Discussion in 'General TV Discussions Forum' started by Kain, Jul 6, 2002.
Which one of these two types of connections provides better DVD picture quality?
Unfortunately it depends on what the DVD player is and what the display device is.
The display device needs RGB to work. So at some point whatever comes out of the DVD player needs to become RGB. Component that you are talking about is YPrPb. This is an analogue compressed version of RGB. Changing from one to the other should be lossless.
Scart can be used for sending Composite, Svideo (which is a component signal) or RGB(which is also a component signal).
So if the DVD sticks out RGB then in some cases it may give a better picture doing that than using YPrPb. The digital processing in some TV's is done in component YPrPb form and the information on a DVD is stored in that form. So going out in RGB then having it turned back to YPrPb for processing then back to RGB to drive the display may cause a loss of quality compared to going direct in YPrPb to that device. Other displays that don't use processing may benefit from the YPrPb conversion process inside the DVD player compared to it's own.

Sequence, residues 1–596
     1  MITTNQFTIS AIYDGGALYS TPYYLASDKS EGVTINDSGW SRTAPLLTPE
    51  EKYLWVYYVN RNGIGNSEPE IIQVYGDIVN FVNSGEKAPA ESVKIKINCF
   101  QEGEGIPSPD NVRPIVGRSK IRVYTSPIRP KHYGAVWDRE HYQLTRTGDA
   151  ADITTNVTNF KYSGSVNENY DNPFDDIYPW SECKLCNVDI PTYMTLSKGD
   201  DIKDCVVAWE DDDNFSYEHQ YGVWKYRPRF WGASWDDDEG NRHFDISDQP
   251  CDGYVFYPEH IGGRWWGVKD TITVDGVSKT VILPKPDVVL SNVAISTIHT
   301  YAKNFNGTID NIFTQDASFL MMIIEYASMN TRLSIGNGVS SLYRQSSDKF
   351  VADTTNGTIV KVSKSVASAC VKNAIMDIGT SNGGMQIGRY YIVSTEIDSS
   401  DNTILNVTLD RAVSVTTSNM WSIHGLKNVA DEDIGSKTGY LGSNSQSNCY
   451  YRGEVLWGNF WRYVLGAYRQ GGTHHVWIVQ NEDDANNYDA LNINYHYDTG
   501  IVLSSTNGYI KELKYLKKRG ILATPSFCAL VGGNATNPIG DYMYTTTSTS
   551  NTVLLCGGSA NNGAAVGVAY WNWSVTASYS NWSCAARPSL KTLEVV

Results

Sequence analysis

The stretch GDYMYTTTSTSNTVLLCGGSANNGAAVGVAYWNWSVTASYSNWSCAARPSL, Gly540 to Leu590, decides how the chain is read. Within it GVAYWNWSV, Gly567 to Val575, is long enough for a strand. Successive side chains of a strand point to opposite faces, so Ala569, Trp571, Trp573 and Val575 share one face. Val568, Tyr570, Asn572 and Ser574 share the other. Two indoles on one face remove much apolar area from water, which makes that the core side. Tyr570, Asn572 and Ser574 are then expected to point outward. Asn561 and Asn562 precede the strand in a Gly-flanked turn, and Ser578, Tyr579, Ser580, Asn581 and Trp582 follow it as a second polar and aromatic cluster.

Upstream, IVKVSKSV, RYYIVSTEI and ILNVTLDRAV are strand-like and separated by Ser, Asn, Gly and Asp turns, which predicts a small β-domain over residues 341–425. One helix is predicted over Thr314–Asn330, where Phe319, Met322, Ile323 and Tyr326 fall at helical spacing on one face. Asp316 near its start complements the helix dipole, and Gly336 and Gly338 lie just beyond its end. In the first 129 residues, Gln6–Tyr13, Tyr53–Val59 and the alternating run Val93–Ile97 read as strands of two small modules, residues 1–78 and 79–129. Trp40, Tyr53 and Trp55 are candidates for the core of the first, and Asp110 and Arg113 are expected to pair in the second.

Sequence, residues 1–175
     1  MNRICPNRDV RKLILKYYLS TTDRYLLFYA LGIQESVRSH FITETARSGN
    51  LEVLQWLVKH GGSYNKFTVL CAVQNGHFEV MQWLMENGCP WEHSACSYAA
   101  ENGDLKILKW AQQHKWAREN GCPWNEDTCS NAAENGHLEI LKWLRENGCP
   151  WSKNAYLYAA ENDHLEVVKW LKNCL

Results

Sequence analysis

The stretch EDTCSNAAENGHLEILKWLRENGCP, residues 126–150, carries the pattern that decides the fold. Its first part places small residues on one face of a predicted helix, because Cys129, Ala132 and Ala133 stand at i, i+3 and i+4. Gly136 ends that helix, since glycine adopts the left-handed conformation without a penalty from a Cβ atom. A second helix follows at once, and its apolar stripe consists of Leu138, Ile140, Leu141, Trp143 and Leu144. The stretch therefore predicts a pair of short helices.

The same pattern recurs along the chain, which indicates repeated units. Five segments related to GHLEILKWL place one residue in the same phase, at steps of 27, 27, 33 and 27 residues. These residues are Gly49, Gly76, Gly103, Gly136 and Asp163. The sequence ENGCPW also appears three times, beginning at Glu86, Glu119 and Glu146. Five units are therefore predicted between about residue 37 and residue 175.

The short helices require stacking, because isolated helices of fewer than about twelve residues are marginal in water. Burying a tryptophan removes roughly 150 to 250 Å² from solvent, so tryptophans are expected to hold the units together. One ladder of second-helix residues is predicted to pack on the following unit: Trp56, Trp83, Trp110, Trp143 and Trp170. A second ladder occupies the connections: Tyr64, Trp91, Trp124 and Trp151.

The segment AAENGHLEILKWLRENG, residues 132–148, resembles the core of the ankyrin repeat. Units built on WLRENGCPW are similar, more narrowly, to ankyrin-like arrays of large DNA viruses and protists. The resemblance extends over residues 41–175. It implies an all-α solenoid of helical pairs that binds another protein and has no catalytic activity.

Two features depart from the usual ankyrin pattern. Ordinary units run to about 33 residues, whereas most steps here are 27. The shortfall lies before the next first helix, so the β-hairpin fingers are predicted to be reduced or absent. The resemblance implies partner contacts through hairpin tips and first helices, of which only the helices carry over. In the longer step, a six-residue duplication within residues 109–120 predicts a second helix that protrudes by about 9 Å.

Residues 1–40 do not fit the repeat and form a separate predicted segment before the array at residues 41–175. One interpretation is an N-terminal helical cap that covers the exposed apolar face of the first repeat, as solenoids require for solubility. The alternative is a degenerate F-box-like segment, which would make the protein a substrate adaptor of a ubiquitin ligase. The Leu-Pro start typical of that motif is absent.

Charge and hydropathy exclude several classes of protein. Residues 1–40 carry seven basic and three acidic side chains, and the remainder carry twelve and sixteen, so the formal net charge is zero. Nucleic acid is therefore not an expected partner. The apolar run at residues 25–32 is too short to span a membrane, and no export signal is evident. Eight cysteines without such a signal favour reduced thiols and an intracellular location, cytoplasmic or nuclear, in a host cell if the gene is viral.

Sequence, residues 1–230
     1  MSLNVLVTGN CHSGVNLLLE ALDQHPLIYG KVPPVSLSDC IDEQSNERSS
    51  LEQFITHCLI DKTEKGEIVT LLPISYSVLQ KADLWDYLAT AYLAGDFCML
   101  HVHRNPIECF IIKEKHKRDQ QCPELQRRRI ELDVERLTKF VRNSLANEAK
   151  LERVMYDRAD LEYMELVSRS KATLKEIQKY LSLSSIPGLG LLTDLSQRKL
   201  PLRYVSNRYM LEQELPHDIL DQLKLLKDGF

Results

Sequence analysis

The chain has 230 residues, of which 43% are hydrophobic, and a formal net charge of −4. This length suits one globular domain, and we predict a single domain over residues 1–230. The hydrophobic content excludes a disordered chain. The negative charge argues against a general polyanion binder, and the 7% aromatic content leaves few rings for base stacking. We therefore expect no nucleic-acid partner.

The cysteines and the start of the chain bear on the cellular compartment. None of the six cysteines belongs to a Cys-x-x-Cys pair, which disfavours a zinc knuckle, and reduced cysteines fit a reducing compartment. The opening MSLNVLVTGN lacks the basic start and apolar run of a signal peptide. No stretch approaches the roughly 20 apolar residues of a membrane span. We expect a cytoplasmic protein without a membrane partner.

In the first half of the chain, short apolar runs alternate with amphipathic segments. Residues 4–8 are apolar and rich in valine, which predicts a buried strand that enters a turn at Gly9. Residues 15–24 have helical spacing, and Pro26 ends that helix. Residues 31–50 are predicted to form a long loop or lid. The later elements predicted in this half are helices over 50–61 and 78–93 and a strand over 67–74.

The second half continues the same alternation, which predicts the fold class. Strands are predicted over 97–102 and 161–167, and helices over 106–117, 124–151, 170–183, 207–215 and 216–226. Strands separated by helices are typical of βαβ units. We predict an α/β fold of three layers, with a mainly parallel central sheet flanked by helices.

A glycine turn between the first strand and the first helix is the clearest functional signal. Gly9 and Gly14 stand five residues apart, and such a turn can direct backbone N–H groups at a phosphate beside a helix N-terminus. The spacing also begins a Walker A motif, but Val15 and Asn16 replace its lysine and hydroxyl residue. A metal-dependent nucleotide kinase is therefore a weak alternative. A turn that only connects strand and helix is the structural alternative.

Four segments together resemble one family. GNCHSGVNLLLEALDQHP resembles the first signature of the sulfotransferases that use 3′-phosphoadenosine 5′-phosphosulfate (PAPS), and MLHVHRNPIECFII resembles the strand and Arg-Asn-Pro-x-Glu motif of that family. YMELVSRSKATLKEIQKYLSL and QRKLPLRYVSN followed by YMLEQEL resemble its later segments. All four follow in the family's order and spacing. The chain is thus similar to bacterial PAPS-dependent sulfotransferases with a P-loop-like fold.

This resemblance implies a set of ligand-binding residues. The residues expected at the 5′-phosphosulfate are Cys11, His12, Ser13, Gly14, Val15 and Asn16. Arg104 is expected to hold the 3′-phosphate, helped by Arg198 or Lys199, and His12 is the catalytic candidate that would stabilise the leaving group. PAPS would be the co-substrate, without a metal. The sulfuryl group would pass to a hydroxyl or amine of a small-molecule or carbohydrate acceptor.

So to sum up you are comparing the ability of either the display device or the DVD player to do the conversion. You should try both and judge for yourself. Chances are you'll find that component (YPrPb) will, as the previous poster mentioned, prove better most of the time.
For sure it's Component if its available to you, next it would be RGB Scart, S-Video and then Scart followed at a great distance by composite which should only be used in the very last resort.
The order of S-Video & RGB Scart sometimes would be reversed depending on your personal taste and the devices in question, but as a rule of thumb, the order I mentioned above is true.
Second Gordon on this.
As a general rule of thumb, depends on the sources ability to decode/transcode etc, just look a the number of seperate signals in each.
Scart RGB has/needs 3 or 4
component has 3
S Video has 2
Composite has 1
Separate names with a comma.